Shaping demography, diversity and digitisation – a model for intergenerational management (Part 4 of 4)
Dr Beatrix Behrens and Dr Carolin Eitner
Digitisation and its associated challenges
‘Digital progress’ has evolved from a buzzword to a phenomenon that affects almost all areas of business and administration. Whether in production, sales or services, working methods are changing and employees are constantly faced with new challenges and requirements. At the same time, the shelf life of knowledge is decreasing and lifelong learning is becoming a fundamental requirement for all employees who want to be and remain competitive in the labour market. The relationship between digitalisation and demography will never be immune to stereotyped thinking and behaviour, which form a fresh challenge for future diversity management.
Are older employees finding it harder to ‘keep up’ with change? Do they need other concepts or learning content? Or do they lose the ability to learn after a certain age and are left unable to ‘cope’ with new technologies? On the other hand, many members of this group of employees still have five, ten or fifteen years of professional life ahead of them. Can an organisation afford to overlook this group of employees? Does this not feed bias and existing stereotypes?
Lifelong learning and the ability to deal with new circumstances are already important skills today and will remain so in the future, considering how digital processes also change job profiles and tasks. There is a need for stronger analytical or systemic thinking, the number of routine jobs is decreasing, and interactions between humans and software are becoming normalised. Alongside the change in current occupations, there will be jobs that influence our world of work in the near future – even though these jobs don’t yet exist. Completely new digital training occupations and fields of study are already emerging as existing training paths are being overhauled.
The change in activities and job profiles means that, in future, both highly qualified and less qualified people will be needed. For example, highly qualified employees develop new technologies, evaluate data and draw conclusions. But there will still be jobs for the less qualified, as technology supports them in their work and increases their productivity, for example.
Skills for the future
Against this backdrop, lifelong learning is more important than ever for all ages and occupational groups. Future-oriented skills and the safe use of modern technology play a central role in this.
Info box: Skills for a modern and digital working environment
Which skills, apart from acquired expertise and ‘digital skills’, will become more important in the future if employees are to successfully master digital and other changes and navigate the new world of work? Examples:
Whether older workers are less able to keep up with the digital change has been a recurrent subject of debate. There is a concern that they find it harder to navigate a world of work in which familiar structures are uprooted or to quickly familiarise themselves with new ways of working and learn new skills. Unlike the younger generations, older employees were not born into the ‘digital revolution’ and are not digital natives. Nevertheless, technological developments are nothing new: older employees have always been required to cope with technological changes in the world of work. What has changed is the pace at which digitisation is taking place, representing drastic changes for all employees of all ages.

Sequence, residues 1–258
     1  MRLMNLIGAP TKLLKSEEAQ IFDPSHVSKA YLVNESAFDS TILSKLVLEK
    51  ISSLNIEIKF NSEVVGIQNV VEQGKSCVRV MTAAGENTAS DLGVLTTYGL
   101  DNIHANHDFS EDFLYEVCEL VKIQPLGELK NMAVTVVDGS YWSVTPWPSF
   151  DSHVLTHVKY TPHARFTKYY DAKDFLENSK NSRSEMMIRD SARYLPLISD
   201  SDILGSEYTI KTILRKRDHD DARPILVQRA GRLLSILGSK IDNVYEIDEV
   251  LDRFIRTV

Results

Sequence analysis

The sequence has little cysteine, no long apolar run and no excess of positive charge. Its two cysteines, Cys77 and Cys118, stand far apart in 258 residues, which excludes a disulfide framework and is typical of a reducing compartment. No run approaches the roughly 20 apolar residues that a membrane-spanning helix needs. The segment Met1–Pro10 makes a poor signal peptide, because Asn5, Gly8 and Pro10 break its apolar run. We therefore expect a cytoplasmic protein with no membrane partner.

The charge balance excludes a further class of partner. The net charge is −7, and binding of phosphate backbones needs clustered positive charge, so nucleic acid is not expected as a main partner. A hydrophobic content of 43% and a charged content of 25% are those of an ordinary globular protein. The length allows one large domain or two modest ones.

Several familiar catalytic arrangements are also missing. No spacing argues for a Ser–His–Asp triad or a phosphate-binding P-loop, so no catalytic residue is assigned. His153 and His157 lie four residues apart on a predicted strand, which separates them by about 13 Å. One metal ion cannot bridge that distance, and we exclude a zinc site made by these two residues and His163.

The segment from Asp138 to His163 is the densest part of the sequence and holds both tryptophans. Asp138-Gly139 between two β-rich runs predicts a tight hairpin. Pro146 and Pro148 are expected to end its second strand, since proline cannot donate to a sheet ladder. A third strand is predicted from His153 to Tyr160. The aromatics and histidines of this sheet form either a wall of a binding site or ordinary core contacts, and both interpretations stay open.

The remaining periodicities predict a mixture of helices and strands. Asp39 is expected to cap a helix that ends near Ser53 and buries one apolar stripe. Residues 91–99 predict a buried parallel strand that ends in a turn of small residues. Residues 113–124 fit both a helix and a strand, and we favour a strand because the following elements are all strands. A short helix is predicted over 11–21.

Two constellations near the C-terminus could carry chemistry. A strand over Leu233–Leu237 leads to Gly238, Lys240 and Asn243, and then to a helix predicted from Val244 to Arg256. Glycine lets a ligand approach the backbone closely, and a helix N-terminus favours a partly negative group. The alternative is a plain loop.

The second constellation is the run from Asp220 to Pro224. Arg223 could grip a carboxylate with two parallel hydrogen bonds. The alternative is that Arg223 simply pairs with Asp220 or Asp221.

The ability to cope with digitisation is not a question of age
So is the ability to successfully adapt to digitisation a question of age?
Absolutely not! In particular due to the increasing integration of new software into daily work and the stark changes and streamlining of processes this leads to, employees of all age groups must be involved – regardless of their age. The success of new software solutions depends largely on how they are used in the future. In that sense, it is important to appeal to and support different target groups – young and old, qualified and less qualified – individually, and ensure that they understand the purpose of the current or future software architecture. It also increasingly makes sense to promote employee involvement in development processes, including software implementation and process design.
It has been known for many years that appropriate training can go a long way in maintaining learning abilities and mental fitness into old age. Nevertheless, given the changing framework conditions for learning, it is only natural that learning objectives take longer to attain or that the learning content needs to be reworked.
Creating a basis that sustains employees’ motivation, their willingness to change and personal responsibility for their own development is crucial in this regard. Continuous training and qualifications are therefore key to maintaining the willingness to learn and perform. Again, this is not a question of age, but applies to all employees. And the process begins as early as on-boarding.
Requirements of the new learning world – Intergenerational learning
Equal treatment of all employees is a great value; age must not be stigmatised. Development perspectives, both horizontal and vertical, must therefore be independent of a person’s years. For example, the more natural the exchange between younger and older employees is, the less an individual’s own learning ability is put in the spotlight. Specific programmes for older people therefore have little use in this sense, which supports the principle that ‘what is good for younger people is also good for those with years of experience.’ It is important to promote intergenerational learning and make facilities and other resources available for this purpose (e.g. experimental spaces). Besides this, approaches such as reverse mentoring offer new perspectives, as do mentoring, learning support or learning sponsorships. Learning divided in bite-size chunks, close to the workplace and with a practical slant is more likely to succeed than large-scale seminar series. Digitisation therefore requires new learning environments beyond face-to-face formats and blended learning.
Behind the scenes. A practical example: thyssenkrupp Steel
Practice box: Academies at thyssenkrupp Steel